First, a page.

Mix one-half pound ground turkey with one cup whole-wheat bread crumbs, one-half cup milk, two tablespoons olive oil, one teaspoon fresh or dried sage, a dash of red pepper flakes and salt and pepper. Form into three by half-inch round patties and refrigerate or freeze until needed. Brown four sausage patties in a hot skillet with hot olive oil over a medium flame until cooked through.

Breakfast Sweet Potatoes
Slice two sweet potatoes into large cubes or thick slices (with skin on) and microwave for four minutes until they are fluffy and the flesh is sealed. Add to a hot skillet with hot olive oil over medium-high flame with one half sliced onion, two sliced scallion bulbs, one minced garlic clove, one tablespoon sliced sun-dried tomato and salt and pepper. Cook until potatoes are browned and vegetables caramelized and plate.

Brioche Pain Perdu
Slice eight half-inch thick brioche slices and cut slices diagonally to fit better in pan. Mix together two eggs, one cup milk, one teaspoon whole-wheat flour (for crispier pain perdu) a dash each of cinnamon, vanilla extract, and liqueur, and zest of one orange. Submerge slices briefly and brown in hot pan with hot olive oil over a medium flame, and plate with 10x sugar shaken through a sieve and accompanied by warmed maple syrup.

I always used to love to prepare a macedonia by supreming oranges and grapefruits; but since the fiber and pectin in citrus is really good for us, we always cut citrus into wedges now.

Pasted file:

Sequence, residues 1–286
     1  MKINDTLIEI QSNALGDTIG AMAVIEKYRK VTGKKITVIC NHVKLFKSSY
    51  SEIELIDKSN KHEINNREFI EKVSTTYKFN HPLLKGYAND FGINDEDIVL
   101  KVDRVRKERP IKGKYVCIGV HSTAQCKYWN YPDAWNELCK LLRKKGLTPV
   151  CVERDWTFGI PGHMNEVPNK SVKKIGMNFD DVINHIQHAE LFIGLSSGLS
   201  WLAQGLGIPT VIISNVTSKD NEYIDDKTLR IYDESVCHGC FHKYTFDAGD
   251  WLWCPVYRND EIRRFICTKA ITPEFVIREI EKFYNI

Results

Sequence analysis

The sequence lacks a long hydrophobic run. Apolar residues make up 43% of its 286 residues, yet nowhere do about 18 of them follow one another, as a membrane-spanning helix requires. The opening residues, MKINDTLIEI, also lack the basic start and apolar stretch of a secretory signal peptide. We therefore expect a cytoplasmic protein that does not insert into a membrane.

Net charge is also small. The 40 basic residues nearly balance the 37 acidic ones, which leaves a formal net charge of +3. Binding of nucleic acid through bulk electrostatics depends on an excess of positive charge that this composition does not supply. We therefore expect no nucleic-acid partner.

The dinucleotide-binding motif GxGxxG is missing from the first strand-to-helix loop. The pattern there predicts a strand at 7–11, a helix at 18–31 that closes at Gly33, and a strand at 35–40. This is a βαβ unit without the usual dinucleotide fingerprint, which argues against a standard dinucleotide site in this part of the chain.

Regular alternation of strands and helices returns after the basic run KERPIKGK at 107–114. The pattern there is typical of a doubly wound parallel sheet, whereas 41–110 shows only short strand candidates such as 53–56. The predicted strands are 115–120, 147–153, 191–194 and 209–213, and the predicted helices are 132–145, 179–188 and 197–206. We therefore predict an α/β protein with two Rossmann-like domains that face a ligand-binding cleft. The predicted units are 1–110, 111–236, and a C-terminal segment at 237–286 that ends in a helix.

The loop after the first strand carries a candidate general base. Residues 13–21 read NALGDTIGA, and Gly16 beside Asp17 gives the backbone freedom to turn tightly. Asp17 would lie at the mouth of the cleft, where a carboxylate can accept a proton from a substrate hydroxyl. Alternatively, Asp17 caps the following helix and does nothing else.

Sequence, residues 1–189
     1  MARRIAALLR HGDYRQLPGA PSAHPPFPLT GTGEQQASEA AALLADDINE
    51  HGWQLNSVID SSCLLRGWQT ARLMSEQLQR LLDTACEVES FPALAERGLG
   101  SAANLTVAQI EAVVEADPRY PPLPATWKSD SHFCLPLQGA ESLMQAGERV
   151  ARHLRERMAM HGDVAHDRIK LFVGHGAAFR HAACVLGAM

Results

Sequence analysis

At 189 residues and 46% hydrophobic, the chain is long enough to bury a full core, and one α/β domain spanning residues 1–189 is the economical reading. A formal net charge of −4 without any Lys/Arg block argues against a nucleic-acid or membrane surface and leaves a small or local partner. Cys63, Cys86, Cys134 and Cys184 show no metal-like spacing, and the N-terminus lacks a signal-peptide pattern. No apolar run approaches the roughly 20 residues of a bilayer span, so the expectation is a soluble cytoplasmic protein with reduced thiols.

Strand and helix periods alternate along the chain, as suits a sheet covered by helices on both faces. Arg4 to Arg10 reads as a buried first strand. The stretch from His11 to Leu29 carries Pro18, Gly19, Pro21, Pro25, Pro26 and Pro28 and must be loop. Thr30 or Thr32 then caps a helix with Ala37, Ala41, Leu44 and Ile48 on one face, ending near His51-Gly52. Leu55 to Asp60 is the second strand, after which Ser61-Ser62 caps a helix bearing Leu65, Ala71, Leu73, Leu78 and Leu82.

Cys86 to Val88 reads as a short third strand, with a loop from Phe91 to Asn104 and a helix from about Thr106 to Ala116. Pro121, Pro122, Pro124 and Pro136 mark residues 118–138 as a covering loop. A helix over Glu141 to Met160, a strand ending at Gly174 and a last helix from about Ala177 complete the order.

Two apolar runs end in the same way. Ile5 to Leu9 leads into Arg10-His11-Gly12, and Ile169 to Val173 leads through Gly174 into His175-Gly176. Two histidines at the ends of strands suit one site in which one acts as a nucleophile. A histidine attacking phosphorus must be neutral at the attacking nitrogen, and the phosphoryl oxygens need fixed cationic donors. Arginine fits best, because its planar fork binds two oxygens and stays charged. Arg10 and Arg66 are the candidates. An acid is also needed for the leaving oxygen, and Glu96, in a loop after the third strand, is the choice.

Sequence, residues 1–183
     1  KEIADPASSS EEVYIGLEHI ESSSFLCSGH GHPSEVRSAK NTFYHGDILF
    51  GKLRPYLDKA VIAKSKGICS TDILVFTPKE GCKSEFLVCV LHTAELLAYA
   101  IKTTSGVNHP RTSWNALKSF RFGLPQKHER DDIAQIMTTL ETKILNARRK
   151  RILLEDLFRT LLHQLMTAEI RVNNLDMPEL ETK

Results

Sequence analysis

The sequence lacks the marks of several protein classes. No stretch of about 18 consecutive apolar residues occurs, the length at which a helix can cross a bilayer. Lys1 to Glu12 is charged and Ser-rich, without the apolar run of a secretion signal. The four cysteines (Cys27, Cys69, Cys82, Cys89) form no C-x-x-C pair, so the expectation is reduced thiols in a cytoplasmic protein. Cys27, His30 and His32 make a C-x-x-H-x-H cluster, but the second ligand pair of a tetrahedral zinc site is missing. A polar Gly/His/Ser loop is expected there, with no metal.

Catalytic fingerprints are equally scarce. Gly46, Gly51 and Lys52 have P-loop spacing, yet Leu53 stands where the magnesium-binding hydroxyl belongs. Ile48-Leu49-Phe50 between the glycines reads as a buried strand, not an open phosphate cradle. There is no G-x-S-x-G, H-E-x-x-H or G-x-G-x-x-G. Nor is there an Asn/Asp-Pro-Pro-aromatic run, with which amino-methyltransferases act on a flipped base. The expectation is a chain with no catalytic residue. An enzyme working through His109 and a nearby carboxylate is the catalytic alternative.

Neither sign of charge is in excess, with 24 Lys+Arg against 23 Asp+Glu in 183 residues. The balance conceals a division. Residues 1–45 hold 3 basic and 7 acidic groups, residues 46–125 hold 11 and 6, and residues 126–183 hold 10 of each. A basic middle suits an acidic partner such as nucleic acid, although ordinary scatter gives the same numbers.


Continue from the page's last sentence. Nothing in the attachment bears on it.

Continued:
Chicken Tikka Masala and vegetable kabobs, and strawberry shortcake

Saturday Lunch

Donna and Dan made incredible Dagwood/Homer sandwiches for our strenuous hike (see my last post for the video replay) and for a special treat Donna had packed dried mango and Dan had found these great petite pickle packs (say that five time fast).

Saturday Dinner

Donna and Dan greeted us with Mango Screwdrivers and yummy cheese and crackers, and served incredibly tender and delicious Tikka Masala Chicken Kabobs (click on the small image on the right (think of it as an Indian Miniature...) to see Donna's full-size recipe) with vegetable skewers and Mango-Almond Rice, though she did try to kill me with all the cilantro in the marinade (Donna: "I can't believe you don't carry an EPI pen!"). As a special treat, dessert started off with my friend Kathy Wiley's Poco Dolce chocolate toffee crisps, followed by Dan's Strawberry Shortcake with whipped cream topped with chocolate shavings.

Sunday Breakfast

Donna and Dan made a great breakfast of blueberry pancakes and Aidell's Chicken-Apple sausages. The pancakes were incredibly light and fluffy; Donna swears by the Krusteaz batter mix, but I was insisting she must've meant Krusty's.

Thanks to Donna for many of the food photos from when I was cooking, and my apologies that I was too busy making food disappear when Donna and Dan were cooking to remember to take many pix.

General Camp-Cooking modus operandi